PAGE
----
Friday, April 12, 2024
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This 1995 TV Ad About Female Sports Could Never Air Today



Every time someone brings up transgender men in female sports, my mind immediately wanders to a commercial I first saw roughly three decades ago (and haven’t seen since).

In today’s political climate, the networks would likely refuse to air it. 

I didn’t remember who paid for the ad. I only remembered it showcased several elementary- and high school-aged girls begging their parents to let them play sports.

The commercial is available on YouTube. I didn’t have to dig long or hard to find it this weekend. 

First broadcast nationwide in 1995, several girls tell their elders that female sports gives them self-confidence. Athletics, they went on to say, lowers their odds of getting breast cancer by 60 percent. Through female sports, they will suffer far less depression. Athletics will make them more likely to leave men who physically abuse them. Finally, female sports will make them less likely to get pregnant before they’re ready to carry a child.  

At the time, leftist Oprah Winfrey gave the ad her total endorsement. She said it gave her chills and called it her “all-time favorite commercial.”

So who sponsored this groundbreaking piece of mass communication? 

Drumroll please.

Wait for it……………………….wait…………………………………………………………………………………………………………………..Nike.

(Ta Dah).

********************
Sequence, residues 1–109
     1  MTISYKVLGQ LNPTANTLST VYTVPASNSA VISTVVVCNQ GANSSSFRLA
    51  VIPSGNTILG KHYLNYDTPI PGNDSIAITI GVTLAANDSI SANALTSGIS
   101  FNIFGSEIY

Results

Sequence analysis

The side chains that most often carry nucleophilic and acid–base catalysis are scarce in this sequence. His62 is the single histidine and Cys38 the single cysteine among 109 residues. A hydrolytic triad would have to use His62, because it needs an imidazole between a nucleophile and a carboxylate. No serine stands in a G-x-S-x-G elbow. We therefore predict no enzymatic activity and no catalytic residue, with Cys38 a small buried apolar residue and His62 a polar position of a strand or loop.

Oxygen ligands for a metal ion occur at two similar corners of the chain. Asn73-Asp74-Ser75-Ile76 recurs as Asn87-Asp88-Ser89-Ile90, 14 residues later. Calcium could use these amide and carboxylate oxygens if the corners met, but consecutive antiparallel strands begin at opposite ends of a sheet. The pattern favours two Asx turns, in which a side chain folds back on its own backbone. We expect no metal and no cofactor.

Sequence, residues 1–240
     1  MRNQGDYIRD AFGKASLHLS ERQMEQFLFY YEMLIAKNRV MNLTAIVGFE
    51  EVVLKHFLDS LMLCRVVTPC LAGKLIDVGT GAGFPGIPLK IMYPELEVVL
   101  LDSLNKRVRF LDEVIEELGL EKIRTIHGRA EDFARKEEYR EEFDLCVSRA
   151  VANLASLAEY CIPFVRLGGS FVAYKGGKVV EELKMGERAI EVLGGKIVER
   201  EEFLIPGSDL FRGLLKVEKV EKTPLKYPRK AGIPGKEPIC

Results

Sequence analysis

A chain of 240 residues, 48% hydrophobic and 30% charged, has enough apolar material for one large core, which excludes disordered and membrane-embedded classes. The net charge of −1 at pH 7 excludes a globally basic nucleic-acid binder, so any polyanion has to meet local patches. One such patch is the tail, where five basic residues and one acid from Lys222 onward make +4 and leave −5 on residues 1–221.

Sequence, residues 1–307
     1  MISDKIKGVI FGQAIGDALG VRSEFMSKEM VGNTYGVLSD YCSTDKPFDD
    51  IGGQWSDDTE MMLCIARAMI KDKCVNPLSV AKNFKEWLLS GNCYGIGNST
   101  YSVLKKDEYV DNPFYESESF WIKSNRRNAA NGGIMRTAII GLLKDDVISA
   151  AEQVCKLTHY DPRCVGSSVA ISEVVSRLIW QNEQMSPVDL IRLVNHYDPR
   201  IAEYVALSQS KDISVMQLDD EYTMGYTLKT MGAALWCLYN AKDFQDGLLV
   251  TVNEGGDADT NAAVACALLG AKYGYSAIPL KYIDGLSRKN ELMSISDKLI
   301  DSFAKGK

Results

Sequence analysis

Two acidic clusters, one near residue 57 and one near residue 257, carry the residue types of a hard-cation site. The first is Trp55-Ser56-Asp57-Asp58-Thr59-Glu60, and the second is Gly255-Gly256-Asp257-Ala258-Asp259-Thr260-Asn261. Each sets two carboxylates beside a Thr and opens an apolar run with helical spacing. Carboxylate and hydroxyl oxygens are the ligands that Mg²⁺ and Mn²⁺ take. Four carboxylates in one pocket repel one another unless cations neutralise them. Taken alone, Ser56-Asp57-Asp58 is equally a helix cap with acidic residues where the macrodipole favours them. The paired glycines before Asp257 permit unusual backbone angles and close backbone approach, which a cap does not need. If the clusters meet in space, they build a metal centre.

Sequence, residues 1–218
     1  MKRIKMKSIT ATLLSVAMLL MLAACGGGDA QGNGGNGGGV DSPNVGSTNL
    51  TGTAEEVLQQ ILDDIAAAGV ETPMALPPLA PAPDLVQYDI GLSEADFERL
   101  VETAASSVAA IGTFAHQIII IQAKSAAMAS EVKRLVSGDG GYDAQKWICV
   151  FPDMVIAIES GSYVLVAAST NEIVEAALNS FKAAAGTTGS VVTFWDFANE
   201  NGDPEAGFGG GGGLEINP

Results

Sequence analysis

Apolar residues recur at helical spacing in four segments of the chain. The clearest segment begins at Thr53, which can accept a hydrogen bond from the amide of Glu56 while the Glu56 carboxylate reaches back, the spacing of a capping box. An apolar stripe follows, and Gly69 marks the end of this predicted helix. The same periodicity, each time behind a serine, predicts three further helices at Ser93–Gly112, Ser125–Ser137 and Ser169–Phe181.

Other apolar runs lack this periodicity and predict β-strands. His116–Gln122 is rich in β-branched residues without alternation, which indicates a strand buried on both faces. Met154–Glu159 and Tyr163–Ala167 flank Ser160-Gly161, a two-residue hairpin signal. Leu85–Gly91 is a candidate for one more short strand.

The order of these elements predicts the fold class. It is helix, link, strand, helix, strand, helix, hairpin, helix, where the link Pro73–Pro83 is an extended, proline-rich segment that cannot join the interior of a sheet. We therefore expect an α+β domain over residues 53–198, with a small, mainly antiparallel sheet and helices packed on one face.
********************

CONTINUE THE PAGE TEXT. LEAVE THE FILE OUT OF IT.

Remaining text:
Nike, of course, is the company that not too long ago went full-blown woke. The company’s pivot to left-wing politics may have scored big with the urban demographic. The change, nevertheless, insulted and alienated millions of (now former) customers in Flyover Country, most of whom refuse to buy Nike ever again.

A few years back, Nike released an ad featuring a biological woman who transitioned into a (supposed) man. Last year, Nike hired transgender Dylan Mulvaney to sell sports bras 🤮. 

But I digress.

In 1995, Nike obviously wanted to empower women. Nike wanted women to compete on a level playing field. According to most reasonable people, a level playing field is one where nobody has a distinct and unfair advantage over anyone else, unless, of course, they work hard and/or possess natural talent. According to the rules of good sportsmanship, there are no steroids, no age discrepancies. and, last but not least, no differences in biological gender.

I assume that in 1995, at least, Nike bigwigs believed in good sportsmanship, even if they don’t anymore?

ESPN released a similar ad as recent as six years ago. In it, female athletes explain why they need to have this space for themselves. 

“I do not agree that playing like a man is a compliment,” one female athlete in the ad said.

“What I am doing here is not for you.”

Later on, the same athlete said this:

“For every woman, every girl who dares to see herself as something more than a body to be raided, a score to be kept, when I play, I keep my own score,” she said. 

“When I play, I know who I am. When I play, I forget how it feels to be boxed in, to be boxed out. When I play, I feel no shame. When I play, I remember how it feels to be free.”

If any network tried to air those ads today, then somebody would throw a tantrum.  

Perhaps it’s time to put both ads back into circulation, if only to remind America of a time when our opinionmakers were actually sane. 

Special thanks to Warhammer’s Wife for proofreading this story before publication to make certain there were no misspellings, grammatical errors or other embarrassing mistakes and/or typosFollow Warhammer on Twitter (or is it X Now?) @Real_Warhammer